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Right Writing News, December 1, 2004, Issue #014
December 01, 2004
Welcome to the fourteenth issue which highlights a best-selling author's writing life, numerous writing articles and some new links to check. This publication appears monthly. If you are reading this issue forwarded from someone, be sure and use the link below to get your own free subscription.
If you like what you see here, please forward this copy and use this link to subscribe.
Table of Contents1) Honoring Christ in Cartoons--Johnny Hart By W. Terry Whalin
2) Achieve Your Writiing Goals With a 'Can Do" Attitude By Karen O'Connor
3) Why Do Books Fail? By Eva Shaw, Ph.D.
4) Writing Opportunity
5) How to Improve Your Negotiating Skills By Amy and Bob Bly
6) Questions About A Writer's Income By Kelly James-Enger
7) Why Nonfiction Books Sell with Book Proposals
8) How Do I Take The Next Step By Marita Littauer
9) Alternative Publishing By Sandy Brooks
10) New Links to Check
Honoring Christ in Cartoons -- Johnny Hart
By W. Terry WhalinThe wires were everywhere but it was the television test pattern--Christian programming--that caught Johnny Hart's attention. For the last 44 years, this renowned cartoonist has drawn the daily comic strips, B.C. and Wizard of Id. Syndicated in over 1200 newspapers nationwide, many people get a boost for their day from Hart's humorous look at life.
Several weeks earlier, a real estate agent called Hart. "I'm not interested," he told the agent. "We're remodeling our home and love it."
"It's a sizable estate of 150 acres and includes a 30 acre lake," the agent said.
Hart and his wife, Bobby, liked this heavily wooded property in upper state New York. They moved to the property several weeks later and were now trying to get the television to work. The reception was terrible.
Each day when Hart works at his drawing table, he likes to have something else going on such as jazz music or television. Hart's carpenter from Endicott, New York encouraged Hart to purchase a satellite dish. The installation process for the satellite hook up wasn't a simple connection from the house to the dish.
Johnny wanted TVs in different places of his home and several places of his studio. His 5,400 square-foot studio was located across an inlet from the lake. In order to properly set up the satellite dish, the installation meant digging underground laying wires and testing the connections.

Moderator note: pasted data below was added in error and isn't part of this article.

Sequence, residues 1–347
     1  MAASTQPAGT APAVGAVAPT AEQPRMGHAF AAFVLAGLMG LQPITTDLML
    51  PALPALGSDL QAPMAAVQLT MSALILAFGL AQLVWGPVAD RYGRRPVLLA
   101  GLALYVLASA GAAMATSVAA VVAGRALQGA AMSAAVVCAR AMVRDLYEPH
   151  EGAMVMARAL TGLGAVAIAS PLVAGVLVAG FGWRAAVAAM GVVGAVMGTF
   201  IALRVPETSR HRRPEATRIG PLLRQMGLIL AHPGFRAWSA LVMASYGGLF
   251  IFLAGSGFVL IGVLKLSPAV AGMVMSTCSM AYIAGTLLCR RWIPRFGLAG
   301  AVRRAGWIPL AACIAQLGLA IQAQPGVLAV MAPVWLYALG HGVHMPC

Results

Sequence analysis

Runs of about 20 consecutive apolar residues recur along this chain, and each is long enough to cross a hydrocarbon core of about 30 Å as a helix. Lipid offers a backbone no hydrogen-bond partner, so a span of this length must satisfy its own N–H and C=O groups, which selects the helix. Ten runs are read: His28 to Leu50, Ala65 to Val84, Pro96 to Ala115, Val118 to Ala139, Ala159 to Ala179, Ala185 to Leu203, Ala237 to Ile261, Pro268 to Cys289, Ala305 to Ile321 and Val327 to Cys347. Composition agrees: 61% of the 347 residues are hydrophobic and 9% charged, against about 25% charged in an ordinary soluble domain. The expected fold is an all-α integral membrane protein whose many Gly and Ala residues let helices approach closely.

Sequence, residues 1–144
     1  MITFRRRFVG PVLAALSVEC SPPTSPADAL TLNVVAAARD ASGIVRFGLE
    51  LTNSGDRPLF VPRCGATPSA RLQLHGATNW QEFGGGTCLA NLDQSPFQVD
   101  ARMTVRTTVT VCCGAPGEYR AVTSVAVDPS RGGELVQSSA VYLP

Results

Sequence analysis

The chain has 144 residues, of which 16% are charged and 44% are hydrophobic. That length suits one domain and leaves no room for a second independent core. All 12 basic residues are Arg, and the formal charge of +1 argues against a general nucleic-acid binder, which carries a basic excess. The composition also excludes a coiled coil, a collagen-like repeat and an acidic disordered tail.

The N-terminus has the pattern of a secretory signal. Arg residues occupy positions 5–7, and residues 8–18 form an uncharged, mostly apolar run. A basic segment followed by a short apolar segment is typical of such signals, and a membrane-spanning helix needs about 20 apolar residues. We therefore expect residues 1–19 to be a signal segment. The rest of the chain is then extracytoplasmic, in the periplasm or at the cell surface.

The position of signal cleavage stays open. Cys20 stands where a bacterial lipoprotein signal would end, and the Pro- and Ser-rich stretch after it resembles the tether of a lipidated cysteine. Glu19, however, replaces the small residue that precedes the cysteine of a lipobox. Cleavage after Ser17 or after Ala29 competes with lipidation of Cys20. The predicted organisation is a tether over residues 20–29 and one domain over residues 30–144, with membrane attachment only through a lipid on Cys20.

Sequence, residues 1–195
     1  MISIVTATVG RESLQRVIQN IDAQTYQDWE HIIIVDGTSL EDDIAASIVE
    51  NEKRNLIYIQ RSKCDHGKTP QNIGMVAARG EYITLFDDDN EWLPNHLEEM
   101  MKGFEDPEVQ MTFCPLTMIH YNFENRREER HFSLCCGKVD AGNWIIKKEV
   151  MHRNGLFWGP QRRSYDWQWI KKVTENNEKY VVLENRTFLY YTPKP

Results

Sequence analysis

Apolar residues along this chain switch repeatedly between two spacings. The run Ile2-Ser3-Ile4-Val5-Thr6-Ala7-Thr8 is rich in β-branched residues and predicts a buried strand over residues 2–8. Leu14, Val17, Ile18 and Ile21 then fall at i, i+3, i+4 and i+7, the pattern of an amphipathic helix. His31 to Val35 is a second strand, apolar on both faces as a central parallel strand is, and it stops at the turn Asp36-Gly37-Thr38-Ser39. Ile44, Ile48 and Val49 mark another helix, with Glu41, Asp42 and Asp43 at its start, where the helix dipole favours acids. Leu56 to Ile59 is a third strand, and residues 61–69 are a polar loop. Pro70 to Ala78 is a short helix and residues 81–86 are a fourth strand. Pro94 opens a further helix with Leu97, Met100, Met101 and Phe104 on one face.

"Every time I walked into the room, these men had Kenneth Copeland, D. James Kennedy and other Christian preachers on the television," Hart recalls this incident from 1987. As children, Johnny and Bobby had attended church. Then when he married Bobby, he says, "I knocked church out of her."
"Is this all we're gonna get?" Hart grumbled as they set up the satellite connection. When the men offered to change it, Hart permitted them to continue. Before too long, Hart began sneaking into empty rooms and watching sermons. If his wife walked through the room, Johnny changed the channel.
One Sunday morning, Hart asked his wife, "Do you want to go to church?"
"Church? Not really," Bobby responded firmly. Hart accepted the decision and quietly prayed for his wife. Another Sunday, Bobby came bounding into the room and asked Johnny, "Do you want to go to church?" Johnny quickly agreed and they attended the nearest church in Nineveh, New York. This small town has a grocery, a post office and the Nineveh Presbyterian Church.
For the last several years, Johnny teaches the young adult Sunday School class that he calls "the spill over class." Hart explained about these junior and senior high school teens, "They're the kids too old to care about Sunday school anymore. I teach things from the Bible which fascinate them and me."
When it comes to cartooning, Hart is a master at his craft. His fellow cartoonists have often recognized him as the best in the field with awards like Best Humor Strip in America, six times (The National Cartoonist Society) or Best Cartoonist of the Year (France's highest cartooning award). While 98 per cent of the response from readers to his cartoons are positive, sometimes Johnny strikes a blow for Christianity through his humor and stirs some controversy.
"No one had any problem when I was drawing Santa and Easter bunnies," Hart said, "but their attitudes changed when I began giving a Christian message." For Good Friday several years ago, Hart simply drew four black panels, which went from gray to pitch black. Underneath the final panel were the words, "Good Friday." On the pages of the comics, Hart uses almost any occasion for his characters to reflect the Good News about Jesus Christ. Particularly on the holidays such as Thanksgiving, Christmas, Easter or even Halloween (for an anti-Halloween cartoon) Johnny slips some Biblical truth to his readers.